I have a rather simple circuit that acts as an overvoltage protection switch with an input control signal to enable/disable the output.On the final output I am driving a motor that consumes around 2A in the startup phase for 200-300ms and around 500mA constant. My input voltage is in the region of 12-30V

The issue is that I have a very large voltage drop across the transistor when the motor starts to spin up, but according to the datasheet this transistor should be able to handle large current. main pnp datasheet

My schematic

Does anybody know why the drop across my FZT956 PNP transistor is so high? I need to reduce it because the motor is used in a pulsed fashion so I need to minimise the heating in this period.

  • 1
    \$\begingroup\$ Calculate what base current you need for the 2 A collector current when that is flowing. Does R4 (4.7 k) deliver enough base current? \$\endgroup\$ Apr 22, 2020 at 7:56
  • \$\begingroup\$ I have been playing with R4 and this is helping to reduce the drop, I'm now at 1K and with 1A flowing i still see a drop of around 2V, does that sound right? \$\endgroup\$ Apr 22, 2020 at 8:20
  • 2
    \$\begingroup\$ I would also check that T2 isn't dropping too much voltage, there should be less than 0.5 V across the Collector - Emitter of T2 when it is conducting. Maybe R6 needs to be lowered as well. I would also consider using a P-MOSFET for T1 as then you can get much lower voltage drops without the need for a high base current. \$\endgroup\$ Apr 22, 2020 at 8:45
  • \$\begingroup\$ I initially had a PMOS, but unfortunately for the overvoltage case of 200V+ at the input it was difficult to turn it off quickly enough and my output was going too high \$\endgroup\$ Apr 22, 2020 at 8:55

1 Answer 1


I suppose the problem is that during start-up you are not providing enough base current to \$T_1\$ because of the capacitor \$C_3\$. Once \$V_{CTRL}\$ is pulled high, you are slowly charging the base capacitor \$C_3\$ of \$T_2\$ before turning it on. Reducing \$C_3\$ and \$R_6\$ should turn on the logic / power BJT faster, thus causing a smaller voltage drop across the power PNP transistor.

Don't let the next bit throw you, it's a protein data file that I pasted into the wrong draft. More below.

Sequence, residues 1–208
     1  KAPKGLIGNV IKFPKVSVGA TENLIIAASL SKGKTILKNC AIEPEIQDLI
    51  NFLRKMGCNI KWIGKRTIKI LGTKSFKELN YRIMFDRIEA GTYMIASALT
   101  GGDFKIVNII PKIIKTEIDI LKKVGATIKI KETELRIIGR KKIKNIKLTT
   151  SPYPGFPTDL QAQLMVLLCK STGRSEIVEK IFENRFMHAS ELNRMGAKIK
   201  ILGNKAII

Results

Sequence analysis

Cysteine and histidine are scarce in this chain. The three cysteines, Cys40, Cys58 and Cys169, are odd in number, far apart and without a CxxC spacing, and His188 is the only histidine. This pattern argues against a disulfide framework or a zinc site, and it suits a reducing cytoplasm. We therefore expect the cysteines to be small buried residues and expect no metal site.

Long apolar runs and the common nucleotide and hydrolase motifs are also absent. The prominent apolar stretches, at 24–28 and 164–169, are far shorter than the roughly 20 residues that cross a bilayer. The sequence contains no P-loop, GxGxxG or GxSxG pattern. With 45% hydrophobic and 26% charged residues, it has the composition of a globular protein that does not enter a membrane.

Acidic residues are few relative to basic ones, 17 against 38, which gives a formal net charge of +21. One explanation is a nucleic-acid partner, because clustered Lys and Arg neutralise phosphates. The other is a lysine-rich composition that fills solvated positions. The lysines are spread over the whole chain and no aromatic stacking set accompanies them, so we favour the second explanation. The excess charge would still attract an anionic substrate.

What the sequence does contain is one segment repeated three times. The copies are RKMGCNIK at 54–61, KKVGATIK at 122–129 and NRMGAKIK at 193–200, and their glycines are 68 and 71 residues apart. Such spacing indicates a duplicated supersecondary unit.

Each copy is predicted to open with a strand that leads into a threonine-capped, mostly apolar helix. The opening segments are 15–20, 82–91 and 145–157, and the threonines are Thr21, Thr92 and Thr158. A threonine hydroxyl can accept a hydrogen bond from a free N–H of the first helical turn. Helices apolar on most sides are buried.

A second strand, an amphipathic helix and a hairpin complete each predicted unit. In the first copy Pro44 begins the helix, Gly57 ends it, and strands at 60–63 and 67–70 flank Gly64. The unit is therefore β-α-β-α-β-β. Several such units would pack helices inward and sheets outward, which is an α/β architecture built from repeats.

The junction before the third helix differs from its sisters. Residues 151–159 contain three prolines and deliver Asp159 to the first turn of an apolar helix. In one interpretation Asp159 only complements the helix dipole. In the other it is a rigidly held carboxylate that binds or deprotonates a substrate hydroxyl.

Edit #1

Considering the current gain for the case where the collector current \$I_C\approx -3A\$, you would need a base resistance smaller than:

$$R_4< \dfrac{12V - V_{BE, T1} - V_{CE, T2}}{I_B}$$

$$R_4< \dfrac{12V - 1.1V - 300mV}{\dfrac{3A}{75}} \approx 265\Omega$$

Where \$V_{CE, T2}\$ is assumed to be the approximate collector emitter voltage of a common logic BJT.


  • \$\begingroup\$ I have played with this and this it does impact the initial behaviour for a couple of milliseconds, but it is the steady state behaviour that is the problem, even with a constant 1 A at the output I still have a few Volts across the PNP \$\endgroup\$ Apr 22, 2020 at 8:17
  • \$\begingroup\$ Wow, 265ohm is a lot lower than my current resistor, I will decrease it further and see how much drop I get \$\endgroup\$ Apr 22, 2020 at 8:34
  • \$\begingroup\$ This considers an output current of \$3A\$, and you have to make sure that your \$T_2\$ is able to withstand this current (\$\approx 3A/75=40mA\$) in steady state. \$\endgroup\$
    – vtolentino
    Apr 22, 2020 at 8:39
  • \$\begingroup\$ T2 is eu.mouser.com/datasheet/2/115/ds30062-87055.pdf \$\endgroup\$ Apr 22, 2020 at 8:51
  • 1
    \$\begingroup\$ @EoinOConnell: Can you show the schematic of the MOSFET circuit you used? Because the current overvoltage protection circuit is suited for a bipolar transistor, but not for a MOSFET. With a slight modification, it can be made to work with a MOSFET. \$\endgroup\$ Apr 22, 2020 at 19:23

Your Answer

By clicking “Post Your Answer”, you agree to our terms of service, privacy policy and cookie policy

Not the answer you're looking for? Browse other questions tagged or ask your own question.